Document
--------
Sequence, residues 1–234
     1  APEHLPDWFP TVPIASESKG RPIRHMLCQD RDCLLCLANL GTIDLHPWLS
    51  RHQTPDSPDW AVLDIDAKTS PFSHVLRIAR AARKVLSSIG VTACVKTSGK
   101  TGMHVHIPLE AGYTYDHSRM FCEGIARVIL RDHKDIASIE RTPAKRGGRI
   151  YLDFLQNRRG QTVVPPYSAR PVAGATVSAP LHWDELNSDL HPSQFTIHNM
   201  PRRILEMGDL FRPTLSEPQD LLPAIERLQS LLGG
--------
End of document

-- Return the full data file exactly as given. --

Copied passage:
Sequence, residues 1–234
     1  APEHLPDWFP TVPIASESKG RPIRHMLCQD RDCLLCLANL GTIDLHPWLS
    51  RHQTPDSPDW AVLDIDAKTS PFSHVLRIAR AARKVLSSIG VTACVKTSGK
   101  TGMHVHIPLE AGYTYDHSRM FCEGIARVIL RDHKDIASIE RTPAKRGGRI
   151  YLDFLQNRRG QTVVPPYSAR PVAGATVSAP LHWDELNSDL HPSQFTIHNM
   201  PRRILEMGDL FRPTLSEPQD LLPAIERLQS LLGG